An intuitive, easy to understand navigation is a crucial step towards good website usability. You can have awesome content, but if your visitors don’t know how to reach it, your content will also be close to useless. Your main goal is to ensure your visitors will find what they’re looking for as quickly and as easily as possible.
From the Web Content Accessibility Guidelines:
Provide clear and consistent navigation mechanisms — orientation information, navigation bars, a site map, etc. — to increase the likelihood that a person will find what they are looking for at a site.
To start things off, here’s an example of a well done navigation system:
The Croquis does a fine job of making things clear and simple. Their menu can be easily spotted and the menu items send a clear message, avoiding any confusion. My only remark is that they did not omit the link to the process page on the process page. Instead, they just camouflaged it (try clicking Learn).
You’ll agree this is all common sense, but many designers fail to provide really usable navigation systems. Without further ado, let’s head onto our do’s and don’ts list.
1. Do use the same navigational elements throughout the website
Use the same navigation elements in the same or similar position on all pages within the website. Studies show users ignore the navigation and scan for fresh content when landing on a new page. Therefore, consistency is super important for the user experience. Users should always be able to quickly learn the navigation and adapt to the interface.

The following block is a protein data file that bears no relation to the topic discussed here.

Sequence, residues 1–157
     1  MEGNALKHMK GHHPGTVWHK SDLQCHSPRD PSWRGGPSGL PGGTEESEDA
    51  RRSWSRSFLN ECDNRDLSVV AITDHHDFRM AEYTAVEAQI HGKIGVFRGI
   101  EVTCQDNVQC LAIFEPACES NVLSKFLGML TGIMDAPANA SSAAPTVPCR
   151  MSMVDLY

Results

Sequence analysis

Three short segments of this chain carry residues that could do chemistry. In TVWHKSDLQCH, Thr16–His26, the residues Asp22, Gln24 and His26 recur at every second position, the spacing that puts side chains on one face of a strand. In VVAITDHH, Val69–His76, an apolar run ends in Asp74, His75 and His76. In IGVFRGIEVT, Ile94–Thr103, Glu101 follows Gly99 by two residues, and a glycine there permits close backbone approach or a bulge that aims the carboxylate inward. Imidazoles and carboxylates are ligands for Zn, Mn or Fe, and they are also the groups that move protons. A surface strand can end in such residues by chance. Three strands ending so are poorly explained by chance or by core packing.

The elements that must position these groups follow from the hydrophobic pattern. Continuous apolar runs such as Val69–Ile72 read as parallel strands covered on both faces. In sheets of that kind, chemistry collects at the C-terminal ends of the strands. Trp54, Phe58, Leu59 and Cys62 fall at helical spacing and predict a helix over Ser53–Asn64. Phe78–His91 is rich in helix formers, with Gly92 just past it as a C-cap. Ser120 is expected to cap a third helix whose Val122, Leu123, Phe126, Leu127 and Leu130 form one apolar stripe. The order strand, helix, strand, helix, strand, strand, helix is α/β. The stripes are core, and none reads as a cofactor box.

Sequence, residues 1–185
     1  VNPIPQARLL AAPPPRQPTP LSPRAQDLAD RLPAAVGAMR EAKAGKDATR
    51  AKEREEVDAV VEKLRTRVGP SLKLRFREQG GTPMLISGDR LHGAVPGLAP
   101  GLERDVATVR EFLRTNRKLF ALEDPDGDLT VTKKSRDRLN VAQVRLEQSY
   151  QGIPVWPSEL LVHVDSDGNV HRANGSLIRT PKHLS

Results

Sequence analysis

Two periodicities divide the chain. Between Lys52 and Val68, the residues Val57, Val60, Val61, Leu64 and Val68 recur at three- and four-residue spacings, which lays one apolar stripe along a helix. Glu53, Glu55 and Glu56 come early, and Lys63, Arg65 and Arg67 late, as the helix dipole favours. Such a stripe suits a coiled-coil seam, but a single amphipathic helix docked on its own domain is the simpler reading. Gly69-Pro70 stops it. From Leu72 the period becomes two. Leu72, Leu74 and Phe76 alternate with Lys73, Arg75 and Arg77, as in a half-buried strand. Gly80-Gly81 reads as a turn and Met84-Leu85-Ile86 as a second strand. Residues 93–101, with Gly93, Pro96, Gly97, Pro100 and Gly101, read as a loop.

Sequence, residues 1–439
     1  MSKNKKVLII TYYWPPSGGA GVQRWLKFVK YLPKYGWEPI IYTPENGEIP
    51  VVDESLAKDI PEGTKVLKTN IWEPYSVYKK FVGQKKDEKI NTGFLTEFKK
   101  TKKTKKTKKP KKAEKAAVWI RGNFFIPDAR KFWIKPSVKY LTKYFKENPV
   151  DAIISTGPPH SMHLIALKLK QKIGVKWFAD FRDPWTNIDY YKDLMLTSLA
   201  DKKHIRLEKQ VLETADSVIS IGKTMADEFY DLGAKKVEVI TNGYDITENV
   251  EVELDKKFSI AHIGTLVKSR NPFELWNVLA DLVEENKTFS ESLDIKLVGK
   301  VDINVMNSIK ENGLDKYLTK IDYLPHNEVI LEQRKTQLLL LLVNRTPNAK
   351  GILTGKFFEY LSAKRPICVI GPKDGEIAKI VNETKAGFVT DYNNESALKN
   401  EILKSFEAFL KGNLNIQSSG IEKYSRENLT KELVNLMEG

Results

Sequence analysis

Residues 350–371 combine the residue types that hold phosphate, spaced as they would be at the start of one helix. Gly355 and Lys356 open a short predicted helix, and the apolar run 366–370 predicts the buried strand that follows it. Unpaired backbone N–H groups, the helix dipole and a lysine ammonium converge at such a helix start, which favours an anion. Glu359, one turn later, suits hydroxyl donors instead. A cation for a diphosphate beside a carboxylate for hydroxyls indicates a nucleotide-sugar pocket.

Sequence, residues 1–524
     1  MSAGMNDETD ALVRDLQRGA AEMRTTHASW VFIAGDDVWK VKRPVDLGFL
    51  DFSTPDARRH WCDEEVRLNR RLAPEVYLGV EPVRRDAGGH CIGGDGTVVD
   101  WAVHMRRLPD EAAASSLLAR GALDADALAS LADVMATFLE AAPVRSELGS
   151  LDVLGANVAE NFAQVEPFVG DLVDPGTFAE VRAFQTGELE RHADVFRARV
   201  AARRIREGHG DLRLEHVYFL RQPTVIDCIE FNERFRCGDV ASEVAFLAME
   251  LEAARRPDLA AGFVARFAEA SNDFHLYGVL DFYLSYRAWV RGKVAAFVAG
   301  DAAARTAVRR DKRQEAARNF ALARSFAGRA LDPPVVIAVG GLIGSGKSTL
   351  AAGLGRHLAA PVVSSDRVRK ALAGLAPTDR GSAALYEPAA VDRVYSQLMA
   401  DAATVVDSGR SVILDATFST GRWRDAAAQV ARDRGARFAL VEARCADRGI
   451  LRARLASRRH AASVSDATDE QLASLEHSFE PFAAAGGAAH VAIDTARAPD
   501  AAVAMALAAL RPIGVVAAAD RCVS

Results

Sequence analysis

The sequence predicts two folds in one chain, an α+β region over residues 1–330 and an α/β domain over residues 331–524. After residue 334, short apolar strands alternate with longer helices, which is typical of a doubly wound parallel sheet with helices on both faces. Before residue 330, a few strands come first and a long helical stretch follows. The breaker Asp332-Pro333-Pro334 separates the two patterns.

Therefore, remember to keep the navigation simple and constant throughout the website to avoid any confusion. Your users will thank you. The navigation is not the part of the site you want to get too clever with.
2. Use clear names or icons for menu items
Always use intuitive, clear and easy to understand text or icons in menus. Keep users from guessing what buttons, text or icons mean. If they need to click on a menu item and load the page to find out what the page is about, you’re not doing it right. Users who do not understand a certain part of a web page will most probably ignore it and continue to scan the page, or leave.
Make things simple and intuitive. Leave complexity to family dynamics, relationships, and puzzles. The things you create should be easy to use, easy to learn, easy to find, and easy to adapt.
3. Highlight the current page
Usability guru Jakob Nielsen says you must tell your users where they can go, where they are and where they’ve been. This particular tip is about where the user is. This sort of feedback is crucial if you want to show your users where they are within your site.
Highlighting the current page is a simple trick with great benefits, but many fail to use it. Take a look at the menu bar of Smashing Magazine:
Does this navigation bar tell you where you are? One could assume the current page is the home page, but in fact I clicked the Coding item before taking the screenshot. Here’s how the current item could be highlighted to tell the user where he is:
4. Provide a search form
Users often scan for the search form to help them find what they’re looking for. If they get lost or they think they will find what they’re looking for more quickly, they will use the search form.